Fight the power

I just did this brief interview about the body modification bans propsed by “Dr.” David Graham. I'm archiving it here so I have a record of it.

Briefly, could you describe the purpose of BMEzine and your role there?

BME is “body modification ezine”, an online publication that covers body modification in the sense of tattoos, piercings, scarification, and heavier work as well. I have run it now for over ten years and am the publisher and editor.

What is “skin braiding?” Does it exist?

Skin braiding is an urban legend and does not exist. It's a procedure involving cutting three or more strips of skin, braiding them, and letting it heal like that. Problem is, it doesn't work — and any scarification artist would know this, so to the best of my knowledge it hasn't even been tried. I believe that the source of the term is from misidentification of scarification of Celtic knotwork designs using traditional cutting.

How prevalent are complications/infections resulting from some of the practices (tongue piercing, nose piercing, scarification, etc.) that Dr. Graham refers to?

The complications from most body modification procedures are extremely limited, and the “studies” claiming the opposite are effectively fraudulent, making mistakes like confusing normal lymph and dead tissue discharge during initial healing for “infections” and so on, as well as using sample groups so small as to make the studies irrelevant. The statistical fact is that you are more likely to be hit by lighting then you are to get a debilitating complication from a body modification procedure.

Do you feel that aftercare instructions for body modification procedures are adequate at this point?

It's not as if healing a body modification is that complicated. Keep it clean, keep your and other people's hands off it, get plenty of rest, eat well, and it'll be healed before you know it. Very few body modifications stress the body particularly far. The biggest problems often come from too much aftercare, which can lengthen and complicate healing.

What do you feel is the motivation behind this proposal? Are you aware of any public concern regarding these practices?

The motivation behind bans on body modification is a mix of bigotry and ignorance, a knee-jerk reaction devoid in empathy to desires they don't understand. As far as public concerns, I'm sure there are people who want it banned, but it's really none of their business. I'm sure there are plenty of white folk that don't want blacks moving into their neighborhood either, and I'm sure there are plenty of Muslims who would rather that people not pray to Jesus. But people have a right to dictate the path of their own lives, so “public concern” is irrelevant in my opinion.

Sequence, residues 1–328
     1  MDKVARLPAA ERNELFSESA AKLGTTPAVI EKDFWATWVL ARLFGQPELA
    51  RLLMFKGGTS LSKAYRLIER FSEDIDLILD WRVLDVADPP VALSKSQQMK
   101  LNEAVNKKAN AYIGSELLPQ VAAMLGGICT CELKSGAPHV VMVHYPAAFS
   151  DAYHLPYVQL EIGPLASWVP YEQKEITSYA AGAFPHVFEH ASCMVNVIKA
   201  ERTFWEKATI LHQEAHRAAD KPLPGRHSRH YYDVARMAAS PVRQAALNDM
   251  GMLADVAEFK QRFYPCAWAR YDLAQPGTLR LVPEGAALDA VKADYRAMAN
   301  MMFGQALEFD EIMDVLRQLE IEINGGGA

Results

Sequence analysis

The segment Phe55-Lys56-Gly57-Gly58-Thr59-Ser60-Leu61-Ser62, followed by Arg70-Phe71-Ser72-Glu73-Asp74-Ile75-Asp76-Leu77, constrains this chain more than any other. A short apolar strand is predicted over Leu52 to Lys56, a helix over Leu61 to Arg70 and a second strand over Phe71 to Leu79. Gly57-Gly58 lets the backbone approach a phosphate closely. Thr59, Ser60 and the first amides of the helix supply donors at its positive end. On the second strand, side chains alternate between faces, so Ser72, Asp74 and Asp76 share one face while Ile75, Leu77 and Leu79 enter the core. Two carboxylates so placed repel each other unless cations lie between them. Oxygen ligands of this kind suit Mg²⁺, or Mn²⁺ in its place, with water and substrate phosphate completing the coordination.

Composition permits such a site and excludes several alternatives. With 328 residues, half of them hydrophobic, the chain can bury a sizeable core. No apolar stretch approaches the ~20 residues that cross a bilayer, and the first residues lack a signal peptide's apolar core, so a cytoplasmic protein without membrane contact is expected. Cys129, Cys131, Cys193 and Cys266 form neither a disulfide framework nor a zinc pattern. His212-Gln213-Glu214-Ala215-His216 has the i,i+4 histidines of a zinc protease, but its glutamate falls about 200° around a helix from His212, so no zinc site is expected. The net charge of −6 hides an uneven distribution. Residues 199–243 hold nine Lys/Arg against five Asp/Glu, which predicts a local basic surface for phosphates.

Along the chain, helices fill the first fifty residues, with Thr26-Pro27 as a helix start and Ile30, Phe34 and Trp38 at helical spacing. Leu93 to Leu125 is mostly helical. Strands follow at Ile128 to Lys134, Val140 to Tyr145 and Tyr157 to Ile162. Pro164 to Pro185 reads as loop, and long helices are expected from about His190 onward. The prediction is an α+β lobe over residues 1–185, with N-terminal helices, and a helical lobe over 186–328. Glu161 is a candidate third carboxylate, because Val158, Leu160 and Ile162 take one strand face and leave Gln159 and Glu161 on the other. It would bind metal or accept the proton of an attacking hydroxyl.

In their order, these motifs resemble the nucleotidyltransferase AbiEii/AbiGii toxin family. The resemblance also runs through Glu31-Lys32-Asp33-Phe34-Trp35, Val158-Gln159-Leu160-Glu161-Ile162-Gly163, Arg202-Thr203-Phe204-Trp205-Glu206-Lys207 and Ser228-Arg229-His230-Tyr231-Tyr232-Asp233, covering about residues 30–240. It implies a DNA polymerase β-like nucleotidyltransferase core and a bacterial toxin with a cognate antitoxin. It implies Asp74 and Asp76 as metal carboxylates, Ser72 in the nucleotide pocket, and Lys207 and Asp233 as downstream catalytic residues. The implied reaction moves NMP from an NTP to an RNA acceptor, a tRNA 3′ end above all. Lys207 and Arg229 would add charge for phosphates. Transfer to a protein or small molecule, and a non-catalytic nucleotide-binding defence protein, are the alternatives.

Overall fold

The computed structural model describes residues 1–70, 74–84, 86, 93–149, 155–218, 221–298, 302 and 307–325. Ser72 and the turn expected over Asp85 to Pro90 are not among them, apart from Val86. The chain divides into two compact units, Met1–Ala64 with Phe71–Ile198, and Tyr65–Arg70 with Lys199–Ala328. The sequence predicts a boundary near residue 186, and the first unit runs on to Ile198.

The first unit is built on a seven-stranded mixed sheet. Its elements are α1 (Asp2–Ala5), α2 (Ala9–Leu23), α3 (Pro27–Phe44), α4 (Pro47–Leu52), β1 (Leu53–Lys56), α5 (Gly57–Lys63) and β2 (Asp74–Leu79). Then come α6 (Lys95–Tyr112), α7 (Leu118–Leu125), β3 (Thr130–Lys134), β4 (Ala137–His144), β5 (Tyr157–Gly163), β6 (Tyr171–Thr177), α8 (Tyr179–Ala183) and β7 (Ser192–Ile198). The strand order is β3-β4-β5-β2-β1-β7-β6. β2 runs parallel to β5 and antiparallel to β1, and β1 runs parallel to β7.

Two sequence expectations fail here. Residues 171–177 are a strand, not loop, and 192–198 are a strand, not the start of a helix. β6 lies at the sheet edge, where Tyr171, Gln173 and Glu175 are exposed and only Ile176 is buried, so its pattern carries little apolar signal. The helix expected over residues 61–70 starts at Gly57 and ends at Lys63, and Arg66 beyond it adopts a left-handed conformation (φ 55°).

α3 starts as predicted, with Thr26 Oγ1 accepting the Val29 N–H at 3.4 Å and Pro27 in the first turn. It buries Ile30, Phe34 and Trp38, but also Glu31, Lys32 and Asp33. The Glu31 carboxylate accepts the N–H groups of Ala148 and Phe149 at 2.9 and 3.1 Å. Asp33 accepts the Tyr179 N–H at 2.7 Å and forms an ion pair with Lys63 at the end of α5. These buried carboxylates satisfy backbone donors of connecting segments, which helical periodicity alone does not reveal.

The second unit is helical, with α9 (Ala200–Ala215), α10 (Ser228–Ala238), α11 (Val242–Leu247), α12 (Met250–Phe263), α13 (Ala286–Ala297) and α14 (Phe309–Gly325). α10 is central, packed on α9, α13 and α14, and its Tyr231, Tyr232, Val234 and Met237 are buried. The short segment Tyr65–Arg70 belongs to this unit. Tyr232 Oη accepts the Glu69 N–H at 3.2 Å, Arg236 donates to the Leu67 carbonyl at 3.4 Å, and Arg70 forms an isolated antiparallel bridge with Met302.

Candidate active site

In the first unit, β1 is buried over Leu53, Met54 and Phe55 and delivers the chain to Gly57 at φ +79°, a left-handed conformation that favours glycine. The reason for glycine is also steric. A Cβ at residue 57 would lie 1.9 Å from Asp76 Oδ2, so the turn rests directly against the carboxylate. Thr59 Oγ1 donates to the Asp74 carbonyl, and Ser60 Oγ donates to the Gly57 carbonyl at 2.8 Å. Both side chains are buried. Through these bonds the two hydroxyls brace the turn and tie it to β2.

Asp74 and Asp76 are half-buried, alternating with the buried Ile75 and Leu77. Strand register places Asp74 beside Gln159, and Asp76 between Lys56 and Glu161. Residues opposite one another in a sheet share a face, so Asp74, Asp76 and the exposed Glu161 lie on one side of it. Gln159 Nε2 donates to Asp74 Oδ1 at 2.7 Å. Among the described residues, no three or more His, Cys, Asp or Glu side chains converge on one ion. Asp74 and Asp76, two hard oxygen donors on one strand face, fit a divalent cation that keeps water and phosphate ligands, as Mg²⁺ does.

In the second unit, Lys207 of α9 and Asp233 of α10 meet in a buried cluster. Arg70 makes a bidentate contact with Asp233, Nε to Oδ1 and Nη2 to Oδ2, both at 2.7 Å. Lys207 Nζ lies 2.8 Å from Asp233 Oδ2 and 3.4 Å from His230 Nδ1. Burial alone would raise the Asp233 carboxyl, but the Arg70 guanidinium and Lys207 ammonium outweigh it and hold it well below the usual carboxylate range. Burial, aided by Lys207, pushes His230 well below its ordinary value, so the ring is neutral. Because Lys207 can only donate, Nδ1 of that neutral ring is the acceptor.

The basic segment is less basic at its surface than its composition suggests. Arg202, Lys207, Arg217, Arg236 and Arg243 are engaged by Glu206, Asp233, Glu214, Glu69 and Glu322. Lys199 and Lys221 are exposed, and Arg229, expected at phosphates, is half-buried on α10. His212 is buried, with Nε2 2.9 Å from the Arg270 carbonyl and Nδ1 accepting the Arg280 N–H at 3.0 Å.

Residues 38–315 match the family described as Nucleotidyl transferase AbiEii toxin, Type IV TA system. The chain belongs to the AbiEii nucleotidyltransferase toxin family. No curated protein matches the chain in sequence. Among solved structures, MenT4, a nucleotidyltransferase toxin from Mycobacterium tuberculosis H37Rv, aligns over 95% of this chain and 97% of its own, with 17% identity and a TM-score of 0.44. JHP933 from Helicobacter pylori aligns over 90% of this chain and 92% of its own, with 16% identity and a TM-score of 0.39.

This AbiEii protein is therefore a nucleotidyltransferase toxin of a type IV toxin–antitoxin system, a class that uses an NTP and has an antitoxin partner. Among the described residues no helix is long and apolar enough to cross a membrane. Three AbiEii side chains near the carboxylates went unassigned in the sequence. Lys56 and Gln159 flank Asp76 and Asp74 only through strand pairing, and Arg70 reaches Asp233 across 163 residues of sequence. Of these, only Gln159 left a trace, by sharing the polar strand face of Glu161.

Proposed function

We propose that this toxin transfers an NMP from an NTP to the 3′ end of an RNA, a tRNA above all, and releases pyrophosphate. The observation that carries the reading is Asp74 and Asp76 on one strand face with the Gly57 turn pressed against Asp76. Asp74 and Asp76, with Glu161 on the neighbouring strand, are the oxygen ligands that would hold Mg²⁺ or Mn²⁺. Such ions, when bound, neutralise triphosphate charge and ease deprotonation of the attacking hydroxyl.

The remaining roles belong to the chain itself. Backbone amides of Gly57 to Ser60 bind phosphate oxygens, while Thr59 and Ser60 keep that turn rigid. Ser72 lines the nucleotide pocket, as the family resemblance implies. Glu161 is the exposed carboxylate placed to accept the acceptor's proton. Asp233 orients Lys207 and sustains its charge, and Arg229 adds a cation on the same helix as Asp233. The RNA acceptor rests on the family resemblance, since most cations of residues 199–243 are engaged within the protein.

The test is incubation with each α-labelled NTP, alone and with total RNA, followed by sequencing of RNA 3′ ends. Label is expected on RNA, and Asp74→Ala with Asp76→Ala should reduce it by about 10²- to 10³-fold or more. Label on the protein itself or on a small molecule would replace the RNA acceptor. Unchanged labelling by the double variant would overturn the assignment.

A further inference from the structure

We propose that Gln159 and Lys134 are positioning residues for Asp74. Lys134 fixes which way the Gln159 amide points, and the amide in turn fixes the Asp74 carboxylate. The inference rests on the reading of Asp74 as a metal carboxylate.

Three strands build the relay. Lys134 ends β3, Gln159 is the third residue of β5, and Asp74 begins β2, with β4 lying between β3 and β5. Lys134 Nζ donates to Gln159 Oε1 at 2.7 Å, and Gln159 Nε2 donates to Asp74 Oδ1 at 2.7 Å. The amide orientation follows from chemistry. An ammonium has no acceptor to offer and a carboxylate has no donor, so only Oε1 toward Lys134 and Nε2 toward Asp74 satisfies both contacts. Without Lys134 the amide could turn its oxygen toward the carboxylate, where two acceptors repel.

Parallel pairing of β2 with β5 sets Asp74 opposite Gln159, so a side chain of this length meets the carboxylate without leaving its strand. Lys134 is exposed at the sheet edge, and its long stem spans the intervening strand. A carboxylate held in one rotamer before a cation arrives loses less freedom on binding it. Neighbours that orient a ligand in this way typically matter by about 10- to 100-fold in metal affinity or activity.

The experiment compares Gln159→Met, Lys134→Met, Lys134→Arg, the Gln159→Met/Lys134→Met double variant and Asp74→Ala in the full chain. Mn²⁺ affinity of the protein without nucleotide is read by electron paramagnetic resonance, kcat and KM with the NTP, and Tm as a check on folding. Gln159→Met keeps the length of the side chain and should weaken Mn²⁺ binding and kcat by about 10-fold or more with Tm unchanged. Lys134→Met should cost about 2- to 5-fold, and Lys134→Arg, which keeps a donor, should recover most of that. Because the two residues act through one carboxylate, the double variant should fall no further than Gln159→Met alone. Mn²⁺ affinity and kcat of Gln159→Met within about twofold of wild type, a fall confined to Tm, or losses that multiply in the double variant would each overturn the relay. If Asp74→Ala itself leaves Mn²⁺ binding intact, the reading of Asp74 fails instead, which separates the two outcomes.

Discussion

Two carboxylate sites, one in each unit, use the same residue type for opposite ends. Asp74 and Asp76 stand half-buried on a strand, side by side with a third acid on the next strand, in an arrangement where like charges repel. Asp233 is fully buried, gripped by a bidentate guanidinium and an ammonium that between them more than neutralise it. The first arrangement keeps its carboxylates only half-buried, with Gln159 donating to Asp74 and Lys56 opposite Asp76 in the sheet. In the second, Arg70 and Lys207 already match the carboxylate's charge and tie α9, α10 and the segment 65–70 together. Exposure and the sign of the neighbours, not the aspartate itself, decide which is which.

Do you see this as more of a health issue or a civil liberties issue?

It is entirely a civil liberties issue. The risks from body modification are miniscule in comparison to driving a car, playing football, smoking, and many other things that are perfectly legal.

Are there any forms of body modification that you feel would merit this form of ban?

If a person doesn't have the freedom to control their own body, then they are not free. No ban on body modification of any kind is acceptable.

If this ban were to pass, do you think that it would sufficiently deter practitioners from performing these modifications?

Banning body modification doesn't change whether it's done or not. It simply pushes it underground, which has the side effect of making it more dangerous by increasing the likelihood that the people doing the procedures are disreputable practitioners who don't care about things like minimum standards — so these bans claiming to protect the public actually harm the public instead.

Do you believe that the body modification industry should be regulated by state and/or local governments (certifications, safety standards, etc.)?

Minimum standards ensuring control of cross contamination and so on are essential, but they must be reasonable and they must be written with industry involvement so as not to restrict people's rights.

What is your stance on the usage of piercing guns for piercing?

Some modern piercing guns are in theory safe on earlobes. However, they're incredibly limited as a tool in terms of placement and jewelry options, and in my opinion are almost always the best way to identify an incompetent and inexperienced piercer.

Could we have a phone number/email address that you can be reached at for future reference?

Wow Shannon, that's really annoying! What is it, 1997 on Geocities? Retroweb is NOT cool!

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